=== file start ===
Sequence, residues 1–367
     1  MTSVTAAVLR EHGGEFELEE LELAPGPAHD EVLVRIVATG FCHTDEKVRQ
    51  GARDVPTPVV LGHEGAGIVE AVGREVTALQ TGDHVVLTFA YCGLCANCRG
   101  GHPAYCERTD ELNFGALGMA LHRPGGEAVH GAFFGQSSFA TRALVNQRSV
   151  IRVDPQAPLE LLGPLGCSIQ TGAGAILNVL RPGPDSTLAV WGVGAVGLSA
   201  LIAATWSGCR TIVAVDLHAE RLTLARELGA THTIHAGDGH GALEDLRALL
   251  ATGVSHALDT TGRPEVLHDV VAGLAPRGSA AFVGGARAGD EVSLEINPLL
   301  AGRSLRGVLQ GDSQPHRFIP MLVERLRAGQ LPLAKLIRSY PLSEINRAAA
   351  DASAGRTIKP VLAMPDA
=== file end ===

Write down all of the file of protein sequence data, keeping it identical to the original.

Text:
Sequence, residues 1–367
     1  MTSVTAAVLR EHGGEFELEE LELAPGPAHD EVLVRIVATG FCHTDEKVRQ
    51  GARDVPTPVV LGHEGAGIVE AVGREVTALQ TGDHVVLTFA YCGLCANCRG
   101  GHPAYCERTD ELNFGALGMA LHRPGGEAVH GAFFGQSSFA TRALVNQRSV
   151  IRVDPQAPLE LLGPLGCSIQ TGAGAILNVL RPGPDSTLAV WGVGAVGLSA
   201  LIAATWSGCR TIVAVDLHAE RLTLARELGA THTIHAGDGH GALEDLRALL
   251  ATGVSHALDT TGRPEVLHDV VAGLAPRGSA AFVGGARAGD EVSLEINPLL
   301  AGRSLRGVLQ GDSQPHRFIP MLVERLRAGQ LPLAKLIRSY PLSEINRAAA
   351  DASAGRTIKP VLAMPDA